Category Archives: heart attack

Top Skeptical Cardiology Stories of 2017

Science continued to progress in the field of cardiology in 2017. Some cardiology interventions were proven to be more beneficial (TAVR) and some less (coronary stents). A class of cholesterol lowering drugs had a big winner and a big loser. A supplement that many thought, based on observational studies, was crucial to prevent heart disease, turned out to be unhelpful. More evidence emerged that saturated fat is not a dietary villain.

From the skeptical cardiologist’s viewpoint, the following were the major scientific studies relevant to cardiology:

1.  “Thousands of heart patients get stents that may do more harm than good”

Thus read the Vox headline for the ORBITA study which was published in November.

Indeed this was an earth-shattering study for interventional cardiologists, many of whom agreed with the NY Times headline “Unbelievable: Heart Stents Fail To Ease Chest Pain.”

Cardiologists have known for a decade (since the landmark  COURAGE study) that outside the setting of an acute heart attack (acute coronary syndrome or ACS), stents don’t save lives and that they don’t prevent heart attacks.

Current guidelines reflect this knowledge, and indicate that stents in stable patients with coronary artery disease should be placed only after a failure of  “guideline-directed medical therapy.”  Despite these recommendations, published in 2012, half of the thousands of stents implanted annually in the US continued to be employed in patients with either no symptoms or an inadequate trial of medical therapy.

Yes, lots of stents are placed in asymptomatic patients.  And lots of patients who have stents placed outside the setting of ACS are convinced that their stents saved their lives, prevented future heart attacks and “fixed” their coronary artery disease. It is very easy to make the case to the uneducated patient that a dramatic intervention to “cure” a blocked artery is going to be more beneficial than merely giving medications that dilate the artery or slow the heart’s pumping to reduce myocardial oxygen demands.

Stent procedures are costly  in the US (average charge around $30,000, range $11,000 to $40,000) and there are significant risks including death, stroke and heart attack. After placement, patients must take powerful antiplatelet drugs which increase their risk of bleeding. There should be compelling reasons to place stents if we are not saving lives.

I, along with the vast majority of cardiologists, still recommended stents for those patients with tightly blocked coronary arteries and stable symptoms, which were not sufficiently helped by medications. ORBITA calls into question even this indication for stenting.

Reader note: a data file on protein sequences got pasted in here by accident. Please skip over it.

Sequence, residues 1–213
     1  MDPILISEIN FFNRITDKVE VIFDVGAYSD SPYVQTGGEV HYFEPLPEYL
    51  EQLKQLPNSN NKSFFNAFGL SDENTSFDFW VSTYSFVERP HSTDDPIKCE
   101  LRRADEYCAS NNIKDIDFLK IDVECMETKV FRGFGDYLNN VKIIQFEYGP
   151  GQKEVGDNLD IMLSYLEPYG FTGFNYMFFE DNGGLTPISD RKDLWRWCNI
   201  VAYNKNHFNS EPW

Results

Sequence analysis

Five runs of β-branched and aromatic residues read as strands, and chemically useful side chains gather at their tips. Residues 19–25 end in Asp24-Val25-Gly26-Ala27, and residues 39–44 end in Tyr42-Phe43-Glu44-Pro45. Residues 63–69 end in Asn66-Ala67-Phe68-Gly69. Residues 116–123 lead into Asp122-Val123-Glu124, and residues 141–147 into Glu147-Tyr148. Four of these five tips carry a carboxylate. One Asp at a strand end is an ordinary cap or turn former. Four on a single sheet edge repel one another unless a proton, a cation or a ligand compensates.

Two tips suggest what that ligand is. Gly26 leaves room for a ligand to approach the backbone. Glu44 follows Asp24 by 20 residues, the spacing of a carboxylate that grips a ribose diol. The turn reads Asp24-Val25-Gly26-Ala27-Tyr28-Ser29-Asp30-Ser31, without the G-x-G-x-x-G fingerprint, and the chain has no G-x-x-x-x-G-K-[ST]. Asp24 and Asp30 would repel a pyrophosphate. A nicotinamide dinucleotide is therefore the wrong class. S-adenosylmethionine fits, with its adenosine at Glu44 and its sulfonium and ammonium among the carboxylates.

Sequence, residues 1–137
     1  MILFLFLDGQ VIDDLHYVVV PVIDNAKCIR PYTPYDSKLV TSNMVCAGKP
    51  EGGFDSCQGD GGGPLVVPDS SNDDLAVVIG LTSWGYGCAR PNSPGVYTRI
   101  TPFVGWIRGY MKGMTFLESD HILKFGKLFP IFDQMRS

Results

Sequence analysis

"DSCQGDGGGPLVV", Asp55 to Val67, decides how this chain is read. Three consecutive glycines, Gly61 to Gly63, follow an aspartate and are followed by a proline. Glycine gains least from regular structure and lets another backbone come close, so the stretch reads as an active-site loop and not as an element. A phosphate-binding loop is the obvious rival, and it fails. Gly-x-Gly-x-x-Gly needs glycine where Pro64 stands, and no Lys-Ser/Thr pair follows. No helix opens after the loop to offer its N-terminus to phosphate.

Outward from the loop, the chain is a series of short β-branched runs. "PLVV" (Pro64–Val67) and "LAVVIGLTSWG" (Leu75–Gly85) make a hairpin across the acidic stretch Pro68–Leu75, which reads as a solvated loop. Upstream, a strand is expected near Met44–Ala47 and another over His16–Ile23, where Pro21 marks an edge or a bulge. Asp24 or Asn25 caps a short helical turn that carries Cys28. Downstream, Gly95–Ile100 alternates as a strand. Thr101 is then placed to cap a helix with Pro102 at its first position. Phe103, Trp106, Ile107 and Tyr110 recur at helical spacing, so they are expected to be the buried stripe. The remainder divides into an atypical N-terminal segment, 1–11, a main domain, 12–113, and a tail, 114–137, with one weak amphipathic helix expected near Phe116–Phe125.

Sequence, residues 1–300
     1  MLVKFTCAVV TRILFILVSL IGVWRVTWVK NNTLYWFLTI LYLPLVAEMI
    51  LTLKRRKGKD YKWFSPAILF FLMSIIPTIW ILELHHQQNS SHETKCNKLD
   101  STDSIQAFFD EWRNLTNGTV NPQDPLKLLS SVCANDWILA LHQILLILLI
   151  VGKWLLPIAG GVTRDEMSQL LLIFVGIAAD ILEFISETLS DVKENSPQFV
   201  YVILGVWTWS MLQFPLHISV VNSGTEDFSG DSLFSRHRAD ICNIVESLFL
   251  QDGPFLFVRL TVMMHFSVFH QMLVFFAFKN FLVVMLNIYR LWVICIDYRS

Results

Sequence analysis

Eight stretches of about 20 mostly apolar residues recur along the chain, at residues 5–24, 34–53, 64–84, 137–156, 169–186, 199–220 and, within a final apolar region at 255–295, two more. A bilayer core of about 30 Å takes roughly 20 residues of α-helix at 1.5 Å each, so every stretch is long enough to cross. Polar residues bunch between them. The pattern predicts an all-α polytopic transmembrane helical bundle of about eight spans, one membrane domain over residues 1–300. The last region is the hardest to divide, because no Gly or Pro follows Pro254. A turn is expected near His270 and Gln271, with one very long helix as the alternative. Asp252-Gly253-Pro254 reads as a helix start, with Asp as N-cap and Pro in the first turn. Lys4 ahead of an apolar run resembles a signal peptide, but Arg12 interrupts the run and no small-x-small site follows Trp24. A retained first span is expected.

The ORBITA study investigators recruited 230 patients to whom most American cardiologists would have recommended stenting. These patients appeared to have a single tightly blocked coronary artery and had chest pain (angina) that limited their physical activity.

They treated the patients for 6 weeks with aspirin/statins/ and medications that reduce anginal symptoms such as beta-blockers, calcium-channel blockers or long-acting nitrates. At this point patients were randomized to receive either a stent or to undergo a catheteriation procedure which did not result in a stent, a so-called sham procedure.

The performance of a sham procedure was a courageous move that made the study truly double-blinded; neither the patients nor the investigators knew which patients had actually received a stent. Thus, the powerful placebo effects of having a procedure were neutralized.

Surprisingly, the study found that those patients receiving stents had no more improvement in their treadmill exercise time, angina severity or frequency or in their peak oxygen uptake on exercise.

ORBITA hopefully will cause more cardiologists to avoid the “oculo-stenotic” reflex wherein coronary artery blockages are stented without either sufficient evidence that the blockage is causing symptoms or that a medical trial has failed.

Although this was a small study with a very narrowly defined subset of patients, it raises substantial questions about the efficacy of coronary stenting. If ORBITA causes more patients and doctors to question the need for catheterization or stenting, this will be a  very good thing.

2. Vitamin D Supplementation Doesn’t Reduce Cardiovascular Disease (or fractures, or help anything really).

One of my recurring themes in this blog is the gullibility of Americans who keep buying and using useless vitamins, supplements and nutraceuticals, thereby feeding a $20 billion industry that provides no benefits to consumers (see here and here).

Vitamin D is a prime player in the useless supplement market based on observational studies suggesting low levels were associated with increased mortality and cardiovascular disease

Despite well done studies showing a lack of benefit of Vitamin D supplementation, the proportion of people taking more than 1,000 IU daily of Vitamin D surged from just 0.3 percent  in 1999-2000 to 18 percent in  2013-2014.

I’ve written previously (calcium supplements: would you rather a hip fracture or a heart attack) on the increased risk of heart attack with calcium supplementation.

Most recently a nicely done study showed that Vitamin D supplementation doesn’t reduce the risk of heart disease.

In a randomized clinical trial that included 5108 participants from the community, the cumulative incidence of cardiovascular disease for a median follow-up period of 3.3 years was 11.8% among participants given 100 000 IU of vitamin D3 monthly, and 11.5% among those given placebo.